This was a big year for me- huge projects, huge goals, fun new plants… But I know I made some mistakes. Careless mistakes that I’m hardly proud of. I think it’s important to look back on the mistakes, figure out why they happened, and learn from them.
My first mistake was using unfinished manure. It was hard not to make this mistake, though, as I was offered all the free composted horse manure I wanted. Free soil-Score! I built two more raised beds (that I had no intention of building prior) and loaded the truck twice to fill the beds. I knew it wasn’t finished, but I couldn’t pass up the offer.
The plants, which were haphazardly picked out, suffered in the beginning. Slow, weak growth for the first month. I think after that, the soil cooled off enough to allow the plants to start growing properly. By the end of the year, the zucchini and eggplants were doing great. The sweet potato had a lot of nice growth, but only a few potatoes. I dove into an offer I was unprepared for. Between the “compost”, the raised beds, and the plants, it just was a sore spot in the garden that, thankfully, did end up working out. Avoid the excitement of “free”. I’ll be a bit more picky about compost and soil. None of those beds were planned, and I really needed a plan.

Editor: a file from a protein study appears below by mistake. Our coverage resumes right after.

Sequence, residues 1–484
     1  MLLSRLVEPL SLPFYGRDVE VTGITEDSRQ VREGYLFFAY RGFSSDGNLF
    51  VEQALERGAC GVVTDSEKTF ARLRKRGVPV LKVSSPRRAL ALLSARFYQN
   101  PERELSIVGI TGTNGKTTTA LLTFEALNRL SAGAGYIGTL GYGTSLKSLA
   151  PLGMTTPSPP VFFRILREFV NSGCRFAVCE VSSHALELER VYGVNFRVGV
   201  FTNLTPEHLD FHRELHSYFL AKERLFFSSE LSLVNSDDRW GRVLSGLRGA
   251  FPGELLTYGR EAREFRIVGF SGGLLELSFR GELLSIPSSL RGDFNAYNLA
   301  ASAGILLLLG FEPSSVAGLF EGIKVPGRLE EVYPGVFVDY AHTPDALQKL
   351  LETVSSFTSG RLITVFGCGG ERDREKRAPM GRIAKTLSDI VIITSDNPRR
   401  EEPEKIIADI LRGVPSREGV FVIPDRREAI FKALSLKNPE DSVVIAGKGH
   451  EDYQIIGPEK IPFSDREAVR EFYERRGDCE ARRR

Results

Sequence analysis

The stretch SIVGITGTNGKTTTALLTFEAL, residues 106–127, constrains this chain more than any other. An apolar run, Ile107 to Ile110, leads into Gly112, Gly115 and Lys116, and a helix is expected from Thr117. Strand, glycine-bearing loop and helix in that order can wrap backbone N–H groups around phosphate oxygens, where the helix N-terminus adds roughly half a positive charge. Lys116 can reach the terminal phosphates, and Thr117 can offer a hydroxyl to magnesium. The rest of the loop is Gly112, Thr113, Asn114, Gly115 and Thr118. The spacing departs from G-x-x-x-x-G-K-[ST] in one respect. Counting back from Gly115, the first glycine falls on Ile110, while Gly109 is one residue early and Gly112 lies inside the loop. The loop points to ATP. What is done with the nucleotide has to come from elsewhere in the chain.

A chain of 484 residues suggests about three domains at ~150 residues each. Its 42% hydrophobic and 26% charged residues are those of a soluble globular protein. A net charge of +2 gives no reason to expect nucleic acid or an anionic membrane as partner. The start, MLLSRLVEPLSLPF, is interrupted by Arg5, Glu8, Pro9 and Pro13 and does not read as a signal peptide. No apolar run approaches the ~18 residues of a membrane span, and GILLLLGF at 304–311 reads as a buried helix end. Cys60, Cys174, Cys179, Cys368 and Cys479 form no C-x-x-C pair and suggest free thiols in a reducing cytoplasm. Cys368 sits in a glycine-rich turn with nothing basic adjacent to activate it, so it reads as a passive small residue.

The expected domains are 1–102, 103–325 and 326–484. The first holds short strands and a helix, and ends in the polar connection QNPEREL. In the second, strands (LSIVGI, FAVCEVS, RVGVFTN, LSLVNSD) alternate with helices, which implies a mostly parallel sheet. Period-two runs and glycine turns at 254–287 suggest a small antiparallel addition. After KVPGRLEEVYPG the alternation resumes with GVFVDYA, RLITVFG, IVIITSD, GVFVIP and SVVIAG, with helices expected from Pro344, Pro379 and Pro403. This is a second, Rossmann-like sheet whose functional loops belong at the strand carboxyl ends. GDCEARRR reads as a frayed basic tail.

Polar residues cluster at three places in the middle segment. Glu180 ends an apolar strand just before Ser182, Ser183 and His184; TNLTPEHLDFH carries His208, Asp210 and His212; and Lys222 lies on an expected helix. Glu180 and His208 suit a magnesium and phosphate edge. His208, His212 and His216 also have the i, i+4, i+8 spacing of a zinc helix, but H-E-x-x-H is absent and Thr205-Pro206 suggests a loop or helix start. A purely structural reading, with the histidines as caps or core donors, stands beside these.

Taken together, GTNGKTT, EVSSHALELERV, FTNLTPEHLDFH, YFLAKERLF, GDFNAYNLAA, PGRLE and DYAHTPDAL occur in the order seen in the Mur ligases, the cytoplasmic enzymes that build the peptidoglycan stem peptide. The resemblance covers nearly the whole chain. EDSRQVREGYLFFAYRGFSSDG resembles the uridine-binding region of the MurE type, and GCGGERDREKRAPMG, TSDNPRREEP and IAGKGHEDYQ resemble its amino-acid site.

Speaking of plans- Make a plan for the entire garden! Some spots were planned out, but others were neglected. Plants grew larger than expected. Plants were stuck into areas that really didn’t work out. I specifically remember a nasturtium that became lost in a sea of tomato vines. Pepper plants were swallowed in the waves, as well. I really need to make a list of what I want to grow and how many- AND STICK TO IT. It’s so hard with so many things to grow and a finite amount of space. I have one bed fully planned, but I feel myself becoming bored with trying to design the others. I NEED to focus. I have months to worry about it. Make a plan. Stick to the plan. Understand the plants and their needs and habits.
One of the main tenets of square foot gardening is to constantly replace plants that have stopped producing with new plants. Spring beans should be replaced with a new crop of something when the beans are spent. I didn’t do a great job of this. I had no plan (there it is again!) of replacing plants that died or finished cropping. When a tomato plant was taken out, I never replanted the spot with broccoli raab or kale. I did manage to replant some spots, but nothing like I should have. Part of this was, again, due to planning. I had such a random planting that I never had a decent area to replant. One spot might open up with a massive tomato in the way.
It seems my main problem is I don’t have a strong enough plan. This year, a well thought out plan. Plants cannot be scattered here and there, I need them sectioned in a way that makes replanting spots easier. I need to have plants ready to transplant into open spots. And, no adding additional gardens! I’ve got enough as it is! Make a plan and stick with it. Think of every angle, every outcome. Understand the vegetables you’re growing. This will be an even better year.